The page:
Some councillors from smaller GTA municipalities making big bucks

Figures made public by GTA municipalities last month show a wide disparity in the salaries being paid to councillors in areas outside Toronto, with some making as little $20,000 a year, and others topping $200,000.

2 Mississauga-area councillors pulled in upwards of $200K in 2017

Mississauga and Region of Peel Coun. Nando Iannicca, left, earned more than $204,000 last year. That's more than Toronto Mayor John Tory was paid. (City of Mississauga/John Rieti/CBC)

Figures made public by GTA municipalities last month show a wide disparity in the salaries being paid to councillors in areas outside Toronto, with some making as little $20,000 a year, and others topping $200,000.

That gap has led one Toronto councillor to call on the province to regulate the pay of municipal politicians — including his own.

"I don't want to decide my salary; regrettably, I do have to decide my salary," Coun. Joe Mihevc told CBC Toronto. "It would be a much better world if we could have a third party adjudicate what that salary should be," he said.

Pickering Coun. Dave Pickles says he and his colleagues do full-time work. (Yan Jun Li/CBC News)

"What would be really helpful is some kind of provincial body that all councils across the province could appeal to to say, 'Do a fair assessment of the value of this work and what appropriate remuneration should be.'"

A Toronto city councillor's pay is about $112,000.

Mayor John Tory topped out at $192,503, according to his office. That's less than some 905 councillors took home last year. 

Pickering Coun. Kevin Ashe also sits on Durham Region council, which added about $54,000 to his annual pay last year. (Yan Jun Li/CBC News)

In neighbouring Pickering, one of the GTA's smaller cities with a population of about 92,000, councillors' annual base pay was  $35,317 last year.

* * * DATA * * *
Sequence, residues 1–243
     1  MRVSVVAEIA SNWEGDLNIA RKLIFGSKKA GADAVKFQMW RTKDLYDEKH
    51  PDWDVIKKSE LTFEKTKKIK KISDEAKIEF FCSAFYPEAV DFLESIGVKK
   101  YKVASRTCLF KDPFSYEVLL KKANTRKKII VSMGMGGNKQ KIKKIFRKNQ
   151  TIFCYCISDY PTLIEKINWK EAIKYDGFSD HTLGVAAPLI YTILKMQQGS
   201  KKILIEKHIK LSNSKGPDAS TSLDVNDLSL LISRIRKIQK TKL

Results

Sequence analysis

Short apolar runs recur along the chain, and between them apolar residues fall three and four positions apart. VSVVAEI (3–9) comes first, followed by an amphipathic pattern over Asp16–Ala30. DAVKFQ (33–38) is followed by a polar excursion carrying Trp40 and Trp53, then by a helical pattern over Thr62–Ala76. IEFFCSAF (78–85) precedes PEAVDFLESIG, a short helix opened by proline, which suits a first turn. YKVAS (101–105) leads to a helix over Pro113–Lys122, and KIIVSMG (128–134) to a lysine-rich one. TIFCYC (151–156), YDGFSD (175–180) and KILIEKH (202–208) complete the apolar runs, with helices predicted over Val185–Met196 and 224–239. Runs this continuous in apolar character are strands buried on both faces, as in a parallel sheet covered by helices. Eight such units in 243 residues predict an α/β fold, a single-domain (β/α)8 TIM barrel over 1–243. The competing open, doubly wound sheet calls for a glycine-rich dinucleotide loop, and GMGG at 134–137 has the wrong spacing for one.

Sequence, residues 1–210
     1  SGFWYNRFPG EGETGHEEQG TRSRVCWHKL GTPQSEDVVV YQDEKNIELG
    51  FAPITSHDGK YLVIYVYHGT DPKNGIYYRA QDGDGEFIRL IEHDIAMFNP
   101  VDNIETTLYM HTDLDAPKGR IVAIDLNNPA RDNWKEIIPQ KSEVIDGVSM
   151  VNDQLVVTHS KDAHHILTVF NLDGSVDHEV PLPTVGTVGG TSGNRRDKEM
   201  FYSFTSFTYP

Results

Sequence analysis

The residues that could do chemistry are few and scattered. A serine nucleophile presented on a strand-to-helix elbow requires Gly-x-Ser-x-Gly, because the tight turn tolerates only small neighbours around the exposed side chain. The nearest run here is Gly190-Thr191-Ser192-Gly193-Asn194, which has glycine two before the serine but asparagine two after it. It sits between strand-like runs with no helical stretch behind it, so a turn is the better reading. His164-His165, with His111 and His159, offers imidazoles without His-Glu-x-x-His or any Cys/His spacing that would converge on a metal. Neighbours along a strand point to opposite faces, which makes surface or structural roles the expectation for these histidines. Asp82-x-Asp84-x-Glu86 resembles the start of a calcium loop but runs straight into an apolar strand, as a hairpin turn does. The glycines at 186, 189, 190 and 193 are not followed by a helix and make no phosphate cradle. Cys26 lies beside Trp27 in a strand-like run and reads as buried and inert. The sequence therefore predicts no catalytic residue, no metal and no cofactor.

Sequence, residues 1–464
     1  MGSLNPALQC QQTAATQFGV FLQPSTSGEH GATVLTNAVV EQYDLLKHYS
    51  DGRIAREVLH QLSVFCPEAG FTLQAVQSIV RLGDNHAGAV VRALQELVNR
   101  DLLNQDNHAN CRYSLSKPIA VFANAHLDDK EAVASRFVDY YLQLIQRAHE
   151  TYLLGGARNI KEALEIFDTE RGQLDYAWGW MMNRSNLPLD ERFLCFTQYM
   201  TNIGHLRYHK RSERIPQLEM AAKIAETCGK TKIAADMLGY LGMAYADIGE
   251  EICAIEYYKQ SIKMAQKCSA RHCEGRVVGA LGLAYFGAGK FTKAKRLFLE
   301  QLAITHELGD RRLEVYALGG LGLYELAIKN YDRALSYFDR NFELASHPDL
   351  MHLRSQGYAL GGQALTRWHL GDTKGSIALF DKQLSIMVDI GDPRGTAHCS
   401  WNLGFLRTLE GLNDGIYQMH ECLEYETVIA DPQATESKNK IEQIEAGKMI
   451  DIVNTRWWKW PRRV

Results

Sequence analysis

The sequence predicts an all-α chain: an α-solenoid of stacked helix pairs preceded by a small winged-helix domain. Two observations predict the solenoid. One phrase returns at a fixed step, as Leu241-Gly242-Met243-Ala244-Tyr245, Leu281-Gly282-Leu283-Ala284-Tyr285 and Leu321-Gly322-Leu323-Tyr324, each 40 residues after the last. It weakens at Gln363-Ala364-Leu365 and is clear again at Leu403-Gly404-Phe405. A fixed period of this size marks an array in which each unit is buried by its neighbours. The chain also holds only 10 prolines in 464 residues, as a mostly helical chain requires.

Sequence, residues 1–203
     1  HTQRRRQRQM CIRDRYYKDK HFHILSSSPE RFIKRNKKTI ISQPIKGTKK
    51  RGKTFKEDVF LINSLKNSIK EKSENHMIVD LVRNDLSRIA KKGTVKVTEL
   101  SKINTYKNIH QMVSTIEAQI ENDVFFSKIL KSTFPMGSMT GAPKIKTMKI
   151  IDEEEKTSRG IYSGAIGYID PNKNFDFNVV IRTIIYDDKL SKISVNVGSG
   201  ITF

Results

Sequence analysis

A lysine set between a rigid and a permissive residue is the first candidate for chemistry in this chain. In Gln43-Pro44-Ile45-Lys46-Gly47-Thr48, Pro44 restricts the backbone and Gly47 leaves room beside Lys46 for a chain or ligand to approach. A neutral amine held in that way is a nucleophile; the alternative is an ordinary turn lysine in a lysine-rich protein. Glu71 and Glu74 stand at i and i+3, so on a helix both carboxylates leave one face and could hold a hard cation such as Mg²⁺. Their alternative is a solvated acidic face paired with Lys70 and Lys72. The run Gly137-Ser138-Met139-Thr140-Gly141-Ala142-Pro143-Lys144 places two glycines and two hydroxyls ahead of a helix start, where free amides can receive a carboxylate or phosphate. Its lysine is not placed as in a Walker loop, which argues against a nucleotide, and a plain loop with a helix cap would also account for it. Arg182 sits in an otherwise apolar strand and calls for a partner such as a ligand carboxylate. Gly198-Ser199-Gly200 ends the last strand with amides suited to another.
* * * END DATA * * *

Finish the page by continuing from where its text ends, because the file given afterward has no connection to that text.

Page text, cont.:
But by adding duties at the regional government, pensions, benefits and board seats, councillors there boosted their pay to as much $144,000 in 2017.

Coun. Dave Pickles told CBC Toronto last week that that salary is a good deal for taxpayers.

Big budgets, big projects

"The total regional budget is about $1.3 billion,  so we deal with big projects, we deal with big budgets. So I don't think its out of line with what you'd expect in the private sector for such responsibilities and such budgets."

In addition to their political salaries, some councillors are continuing to work at the jobs they had before they went into politics.

In Pickering, Coun. Kevin Ashe made about $134,000 last year from his work as a councillor at both the local and regional levels. But he also still works at the job he held before he was elected.

"I have other employment; I wouldn't suggest it's full time but I do have the flexibility to allow myself to have two responsibilities," he said. 

The office for his non-political job is right across from city hall, he says, "so I'm lucky enough to be able to be in city hall most days, as well as at my other office."

He says the remuneration packages are justified and that the people of Durham are getting good bang for their buck.

Others making much less

"I think it's important that you pay people appropriately so you get professional people,"

Councillors at some municipalities with similar populations were making far less last year:  

In the nearby municipality of Clarington, which has roughly the same population as Pickering, councillors' base pay was about the same - $36,879. But Clarington regional Coun. Joe Neale took home far less municipal pay than Pickles last year, at $91,973.